‘Artists Are Not Just Entertainers’ | Ethiopian Records On Survival And Togetherness In His New Double EP, WEL
Solidarity, altruism, sharing, putting oneself in another’s shoes are ephemeral concepts in our ultra capitalistic contemporary society which assume new shape and form according to external factors that influence that specific context or reality. We choose which battles to fight and which ones to dismiss, who’s worthy of receiving help and who isn’t, what is privilege and what is not. It feels as if a new hierarchy of oppression has been created—at least in Europe—which depends on the geographical background of the oppressed rather than on their human condition. But how does that change when survival is at risk for society as a whole, when we’re forced to stop and to look inside and outside of ourselves and come up with new ways to cope?
The producer and electronic musician Endeguena Mulu, aka Ethiopian Records, thinks “society should be like a jazz band, we should be improvising, giving space for everyone’s voice, like Cornel West and Jorga Mesfin say” which is, in a nutshell, the ethos behind his forthcoming fifth album, WEL.
Informed and inspired by the concept of Wel “ወል”— literally meaning togetherness, in common or for all of us—that has been particularly dear to Ethiopian Records for years, the double EP will explore the theme of survival in the sense of making space for everyone’s voice to be heard, not in just a symbolic, tokenistic way, but in a meaningful and structural way that gives people power as a means of survival. “As an independent experimental artist, fighting for survival in an imperative way has pretty much been part of my life ever since I decided to go down this path. Both in my own country, region and in the rest of the world, there is no space for me, I have had to fight to get the little space that I have now. What makes this particular time different though is that the fight for survival and that little space I have are under threat like never before, like for many others. So survival is very much the central point of togetherness, there can be no togetherness when there isn’t cultural, structural and physical space for everyone’s voice to survive.”
WEL has been in the making for some time now and it was supposed to be the first work of the artist and his team as an independent record label/event/representation company called WAG and as a creation space by the name GODJO. However, both buildings were put on hold and defunded as a consequence of the covid-19 pandemic and the collective has decided to launch a crowdfunding campaign on indiegogo in order to complete the project by involving listeners in the creation of the double EP —find out more or make a donation here.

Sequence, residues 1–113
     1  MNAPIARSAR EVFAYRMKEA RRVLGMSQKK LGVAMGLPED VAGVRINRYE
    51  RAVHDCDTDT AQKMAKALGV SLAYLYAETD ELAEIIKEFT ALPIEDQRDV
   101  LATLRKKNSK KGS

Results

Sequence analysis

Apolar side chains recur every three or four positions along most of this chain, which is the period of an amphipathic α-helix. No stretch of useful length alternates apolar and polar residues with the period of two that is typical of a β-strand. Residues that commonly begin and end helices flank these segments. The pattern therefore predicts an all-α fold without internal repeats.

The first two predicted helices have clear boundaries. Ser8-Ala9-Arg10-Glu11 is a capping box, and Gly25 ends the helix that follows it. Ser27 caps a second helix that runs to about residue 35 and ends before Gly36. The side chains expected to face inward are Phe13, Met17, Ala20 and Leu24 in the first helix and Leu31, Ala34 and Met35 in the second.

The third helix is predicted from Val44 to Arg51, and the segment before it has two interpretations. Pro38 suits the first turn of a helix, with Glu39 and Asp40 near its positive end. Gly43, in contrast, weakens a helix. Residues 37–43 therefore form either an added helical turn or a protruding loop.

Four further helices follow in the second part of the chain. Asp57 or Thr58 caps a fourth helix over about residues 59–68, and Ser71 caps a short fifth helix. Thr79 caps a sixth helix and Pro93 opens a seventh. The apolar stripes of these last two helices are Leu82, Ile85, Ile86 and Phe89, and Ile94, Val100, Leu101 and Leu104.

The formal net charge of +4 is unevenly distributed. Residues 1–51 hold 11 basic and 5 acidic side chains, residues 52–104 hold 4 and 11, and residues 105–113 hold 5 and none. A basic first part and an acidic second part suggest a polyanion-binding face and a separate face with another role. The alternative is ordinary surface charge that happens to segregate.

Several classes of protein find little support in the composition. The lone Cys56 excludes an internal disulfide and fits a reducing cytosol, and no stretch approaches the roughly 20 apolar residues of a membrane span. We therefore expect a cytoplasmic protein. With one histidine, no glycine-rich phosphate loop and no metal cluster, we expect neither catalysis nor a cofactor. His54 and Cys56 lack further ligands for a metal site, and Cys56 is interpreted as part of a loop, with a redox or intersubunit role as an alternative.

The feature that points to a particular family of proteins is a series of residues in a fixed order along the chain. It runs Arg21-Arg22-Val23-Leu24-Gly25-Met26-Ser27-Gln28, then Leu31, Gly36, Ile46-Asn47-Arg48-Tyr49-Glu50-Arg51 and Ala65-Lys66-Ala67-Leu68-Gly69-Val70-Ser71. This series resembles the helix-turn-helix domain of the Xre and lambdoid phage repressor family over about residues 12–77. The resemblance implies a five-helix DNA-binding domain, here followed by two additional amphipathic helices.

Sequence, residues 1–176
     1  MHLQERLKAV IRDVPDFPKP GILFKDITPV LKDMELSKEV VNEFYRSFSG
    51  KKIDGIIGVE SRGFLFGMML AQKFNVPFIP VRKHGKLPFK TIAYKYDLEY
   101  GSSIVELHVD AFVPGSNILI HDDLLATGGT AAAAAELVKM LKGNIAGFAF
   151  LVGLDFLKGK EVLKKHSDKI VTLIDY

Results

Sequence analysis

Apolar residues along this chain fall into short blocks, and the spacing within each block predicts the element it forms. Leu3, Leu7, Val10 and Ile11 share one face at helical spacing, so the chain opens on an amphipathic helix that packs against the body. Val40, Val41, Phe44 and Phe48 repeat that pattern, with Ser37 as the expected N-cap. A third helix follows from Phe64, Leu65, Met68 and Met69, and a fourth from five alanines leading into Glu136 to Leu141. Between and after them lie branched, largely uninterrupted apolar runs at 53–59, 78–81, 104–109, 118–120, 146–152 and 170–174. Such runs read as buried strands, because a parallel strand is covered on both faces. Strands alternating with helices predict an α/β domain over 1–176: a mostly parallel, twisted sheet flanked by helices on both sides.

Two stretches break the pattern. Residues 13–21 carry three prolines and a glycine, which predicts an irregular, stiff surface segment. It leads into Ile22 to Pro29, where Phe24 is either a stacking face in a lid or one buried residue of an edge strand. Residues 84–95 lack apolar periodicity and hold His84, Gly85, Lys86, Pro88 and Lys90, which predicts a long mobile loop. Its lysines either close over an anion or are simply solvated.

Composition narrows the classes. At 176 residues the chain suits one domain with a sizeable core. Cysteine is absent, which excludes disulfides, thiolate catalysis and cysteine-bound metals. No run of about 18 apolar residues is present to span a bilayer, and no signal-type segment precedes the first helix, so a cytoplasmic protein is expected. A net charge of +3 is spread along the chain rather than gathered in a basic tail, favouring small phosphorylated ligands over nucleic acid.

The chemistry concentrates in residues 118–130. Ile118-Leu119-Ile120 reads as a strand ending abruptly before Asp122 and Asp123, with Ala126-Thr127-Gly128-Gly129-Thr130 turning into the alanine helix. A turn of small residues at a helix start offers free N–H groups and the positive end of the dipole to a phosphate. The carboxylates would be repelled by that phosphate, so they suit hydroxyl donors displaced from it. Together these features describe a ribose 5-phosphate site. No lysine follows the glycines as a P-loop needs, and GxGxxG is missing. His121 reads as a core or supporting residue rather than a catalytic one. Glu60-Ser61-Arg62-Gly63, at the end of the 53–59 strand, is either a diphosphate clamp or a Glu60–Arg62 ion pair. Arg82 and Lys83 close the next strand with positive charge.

Mulu has been one of the most influential figures in the Ethiopian pioneeristic sonic realm for decades. His craft encompasses the most complex array of genres and sounds from both the traditional and the electronic sound palettes as he has recently shown in latest Fact Mag production mix and in his Against the Clock. After three EPs with Washington D.C.’s label 1432 R, his 2018 Ye Feqer Edaye / የፍቅር እዳዬ EP for Warp Records’s dance-oriented subsidiary, and this forthcoming double EP, he is now working on his debut album.
Jamming for hours on Ableton and with the many instruments at his disposal and writing are the main steps of his creative process since he was a teenager. His experimentation with traditional rhythms, sonic palettes and electronic music tools led him to the creation of a new pioneeristic signature sound within the Ethiopian electronic landscape called Ethiopiyawi Electronic. But Mulu has also been collaborating with live instrumentalists for the past 5 years as the collective aspect of creation is fundamental in his practice. “Conceptually what I plan to do is to hire and collaborate with many artists,” he told us “I am a Pan-Africanist who believes in the interest of the majority. Just like Amilcar Cabral, Kwame Nukurma, Patrice Lumumba, Winnie Mandela, or Walter Rodney I believe that talks of togetherness that don’t fully try to embrace the majority of Africans or human beings through their diversity are just talk.”
We had an interesting virtual correspondence with the producer to find out more about his sonic universe, his outlook on the Ethiopian and Pan-African arts and music scenes, his new label, events and representation company and his future projects.
GRIOT: You talk about the dream of being an ‘independent East African Azmari’. If I’m correct, in the Ethiopian tradition Azmaris are itinerant musicians who hold a special status in society because their calling is music. Can you tell us more about this concept/tradition? How do you decline this in your work through electronic music?